Studio B’s Betsy Wentz, meanwhile, proves there’s also a modern way to do maximalism. In her personal Pennsylvania home , the designer incorporated bold color and patterned textiles with the stream lines and horizontal silhouettes associated along with modernism.
With an eye towards functional simplicity plus elements of Shaker and Colonial design, Country home style “suggests a more humble, vernacular interpretation of United states historical designs from the 18th and 19th centuries—whether they be Colonial, Greek Revival, or Victorian, ” explains architect Gil Schafer, who designed this kitchen.
Since minimalism often means doing more with less, you’ll often notice the importance of light and contrast within minimalist spaces, like this one simply by Robson Rak.
For a house on the particular water in Jamaica , Ishka Designs substituted more graphic contrast for organic elements like wood grain to complement the location while not outshining the particular view. The result is a combination of natural modern plus organic minimalism.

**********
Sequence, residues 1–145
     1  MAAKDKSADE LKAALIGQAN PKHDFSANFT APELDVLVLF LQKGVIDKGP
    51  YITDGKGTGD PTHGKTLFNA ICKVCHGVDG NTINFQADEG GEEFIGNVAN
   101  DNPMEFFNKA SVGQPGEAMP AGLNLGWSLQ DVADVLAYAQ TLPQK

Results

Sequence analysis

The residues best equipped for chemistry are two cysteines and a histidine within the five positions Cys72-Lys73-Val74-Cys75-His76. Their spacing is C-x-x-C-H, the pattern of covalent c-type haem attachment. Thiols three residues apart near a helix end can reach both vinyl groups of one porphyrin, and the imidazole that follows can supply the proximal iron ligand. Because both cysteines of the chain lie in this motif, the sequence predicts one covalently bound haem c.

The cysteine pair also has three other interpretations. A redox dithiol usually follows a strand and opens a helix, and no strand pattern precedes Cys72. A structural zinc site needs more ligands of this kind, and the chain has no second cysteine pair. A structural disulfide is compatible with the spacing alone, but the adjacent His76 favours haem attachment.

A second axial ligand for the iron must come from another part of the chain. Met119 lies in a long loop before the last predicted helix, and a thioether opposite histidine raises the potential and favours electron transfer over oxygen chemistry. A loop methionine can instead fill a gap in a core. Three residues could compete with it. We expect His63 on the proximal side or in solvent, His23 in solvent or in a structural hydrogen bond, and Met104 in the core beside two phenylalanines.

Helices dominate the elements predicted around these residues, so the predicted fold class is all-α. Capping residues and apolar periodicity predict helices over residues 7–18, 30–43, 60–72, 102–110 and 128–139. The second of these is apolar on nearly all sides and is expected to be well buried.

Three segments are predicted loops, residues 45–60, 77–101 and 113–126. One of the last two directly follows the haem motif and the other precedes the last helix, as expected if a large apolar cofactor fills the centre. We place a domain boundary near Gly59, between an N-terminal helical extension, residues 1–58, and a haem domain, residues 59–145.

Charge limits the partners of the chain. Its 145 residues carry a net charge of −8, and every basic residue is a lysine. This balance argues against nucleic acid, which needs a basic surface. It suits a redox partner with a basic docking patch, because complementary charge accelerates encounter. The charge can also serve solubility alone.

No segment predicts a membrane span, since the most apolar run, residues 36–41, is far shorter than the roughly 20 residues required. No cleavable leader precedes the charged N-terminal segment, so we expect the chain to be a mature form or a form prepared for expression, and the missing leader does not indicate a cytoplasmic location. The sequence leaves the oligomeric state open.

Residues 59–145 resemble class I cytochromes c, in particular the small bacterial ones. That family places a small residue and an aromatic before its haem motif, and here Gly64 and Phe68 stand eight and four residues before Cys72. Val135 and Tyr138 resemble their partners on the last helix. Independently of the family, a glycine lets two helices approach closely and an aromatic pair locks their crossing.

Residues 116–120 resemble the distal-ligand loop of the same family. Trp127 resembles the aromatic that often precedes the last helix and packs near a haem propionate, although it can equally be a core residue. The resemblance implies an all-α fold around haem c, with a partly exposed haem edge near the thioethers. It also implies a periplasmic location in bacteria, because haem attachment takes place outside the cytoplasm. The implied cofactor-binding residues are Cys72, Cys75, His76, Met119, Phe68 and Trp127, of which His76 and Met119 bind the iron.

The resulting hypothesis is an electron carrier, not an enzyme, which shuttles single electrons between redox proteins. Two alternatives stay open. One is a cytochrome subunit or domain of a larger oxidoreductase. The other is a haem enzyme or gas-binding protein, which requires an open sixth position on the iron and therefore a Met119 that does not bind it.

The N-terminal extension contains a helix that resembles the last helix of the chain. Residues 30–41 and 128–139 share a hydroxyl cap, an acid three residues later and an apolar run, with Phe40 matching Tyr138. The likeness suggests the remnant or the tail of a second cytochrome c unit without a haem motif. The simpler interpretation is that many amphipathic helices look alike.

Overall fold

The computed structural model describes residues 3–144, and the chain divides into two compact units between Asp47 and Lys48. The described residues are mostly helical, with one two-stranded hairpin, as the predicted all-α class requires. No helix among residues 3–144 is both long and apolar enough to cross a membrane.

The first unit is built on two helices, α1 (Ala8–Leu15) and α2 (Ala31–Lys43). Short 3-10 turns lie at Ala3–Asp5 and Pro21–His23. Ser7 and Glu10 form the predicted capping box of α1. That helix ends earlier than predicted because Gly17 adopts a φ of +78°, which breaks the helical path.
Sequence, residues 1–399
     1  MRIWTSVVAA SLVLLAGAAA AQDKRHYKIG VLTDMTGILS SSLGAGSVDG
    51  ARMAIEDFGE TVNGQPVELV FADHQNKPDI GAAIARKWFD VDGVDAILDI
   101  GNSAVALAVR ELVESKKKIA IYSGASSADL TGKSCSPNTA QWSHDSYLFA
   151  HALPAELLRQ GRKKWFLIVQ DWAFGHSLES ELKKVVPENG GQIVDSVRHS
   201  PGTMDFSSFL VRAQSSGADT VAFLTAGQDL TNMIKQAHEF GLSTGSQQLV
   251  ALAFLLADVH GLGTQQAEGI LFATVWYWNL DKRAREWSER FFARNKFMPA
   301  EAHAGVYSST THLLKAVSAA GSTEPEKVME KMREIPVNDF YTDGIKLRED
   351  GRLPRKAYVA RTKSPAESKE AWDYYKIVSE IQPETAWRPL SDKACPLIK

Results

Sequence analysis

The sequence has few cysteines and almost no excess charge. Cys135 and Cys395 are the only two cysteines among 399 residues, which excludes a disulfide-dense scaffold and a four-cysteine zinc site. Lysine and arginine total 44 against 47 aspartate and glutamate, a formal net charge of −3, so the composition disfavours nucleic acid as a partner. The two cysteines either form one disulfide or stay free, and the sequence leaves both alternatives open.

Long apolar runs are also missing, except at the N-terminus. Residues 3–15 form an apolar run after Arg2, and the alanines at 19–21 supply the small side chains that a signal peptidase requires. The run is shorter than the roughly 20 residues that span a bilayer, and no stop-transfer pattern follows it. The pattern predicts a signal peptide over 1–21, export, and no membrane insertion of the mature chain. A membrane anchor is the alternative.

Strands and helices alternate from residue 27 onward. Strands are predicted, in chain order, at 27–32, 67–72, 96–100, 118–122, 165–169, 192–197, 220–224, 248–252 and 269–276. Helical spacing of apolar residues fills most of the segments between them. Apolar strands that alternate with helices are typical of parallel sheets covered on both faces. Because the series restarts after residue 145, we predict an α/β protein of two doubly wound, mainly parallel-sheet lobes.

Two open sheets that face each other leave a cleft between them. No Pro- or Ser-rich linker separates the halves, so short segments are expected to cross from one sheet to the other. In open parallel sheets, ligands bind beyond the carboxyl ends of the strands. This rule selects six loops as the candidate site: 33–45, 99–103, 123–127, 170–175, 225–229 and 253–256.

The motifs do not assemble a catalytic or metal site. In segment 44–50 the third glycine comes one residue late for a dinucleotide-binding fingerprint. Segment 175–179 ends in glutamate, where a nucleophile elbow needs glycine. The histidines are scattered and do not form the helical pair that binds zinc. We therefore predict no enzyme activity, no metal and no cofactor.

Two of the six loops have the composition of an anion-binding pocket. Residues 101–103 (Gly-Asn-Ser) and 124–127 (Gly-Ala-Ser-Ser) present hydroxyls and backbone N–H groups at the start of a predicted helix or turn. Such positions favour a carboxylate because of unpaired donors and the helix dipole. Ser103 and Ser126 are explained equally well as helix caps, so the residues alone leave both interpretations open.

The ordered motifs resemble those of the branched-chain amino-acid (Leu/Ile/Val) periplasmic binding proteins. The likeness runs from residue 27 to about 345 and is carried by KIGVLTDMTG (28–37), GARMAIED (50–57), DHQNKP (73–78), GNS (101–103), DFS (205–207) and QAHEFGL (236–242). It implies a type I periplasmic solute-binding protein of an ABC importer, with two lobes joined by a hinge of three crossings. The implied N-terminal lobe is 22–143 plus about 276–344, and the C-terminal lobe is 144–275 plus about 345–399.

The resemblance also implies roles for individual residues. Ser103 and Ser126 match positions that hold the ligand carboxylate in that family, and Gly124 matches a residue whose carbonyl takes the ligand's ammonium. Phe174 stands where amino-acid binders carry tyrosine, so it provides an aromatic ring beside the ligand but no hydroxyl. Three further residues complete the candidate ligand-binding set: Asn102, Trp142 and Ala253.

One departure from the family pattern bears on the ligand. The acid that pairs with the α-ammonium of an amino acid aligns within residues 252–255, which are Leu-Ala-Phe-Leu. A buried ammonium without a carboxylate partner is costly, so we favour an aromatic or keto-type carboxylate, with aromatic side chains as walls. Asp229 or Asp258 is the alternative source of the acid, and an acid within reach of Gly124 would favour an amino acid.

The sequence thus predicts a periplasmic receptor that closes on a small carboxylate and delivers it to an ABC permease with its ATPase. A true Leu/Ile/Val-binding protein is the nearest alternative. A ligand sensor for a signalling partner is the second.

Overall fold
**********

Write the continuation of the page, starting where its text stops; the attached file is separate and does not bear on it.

A close relative of maximalism, eclectic style features elements from various styles, periods, and places brought together for an unique space. In Ariene Bethea’s Charlotte home , for example , African textiles, Asian and American art, and contemporary furniture all blend for a personal oasis.
For her decoration of Emily Schuman’s Los Angeles home , designer Katie Hodges looked in order to stylistic influences from the 1970s, updating them with the minimal backdrop for a fresh take. Standouts include the brown color scheme, oversized bouclé armchair, and the Caprani floor lamp, the 1970s design by Mads Caprani that’s gained newfound popularity in the Instagram era.
Ever since Nancy Lancaster took the particular reins at Colefax & Fowler, Americans have been obsessed with the English Nation House look. The style combines several elements associated with traditional British country houses, like floral wallpaper, rough-hewn wood, copper pots, plus brick floors, and translates it with regard to modern use, like Shavonda Gardner did in her kitchen right here.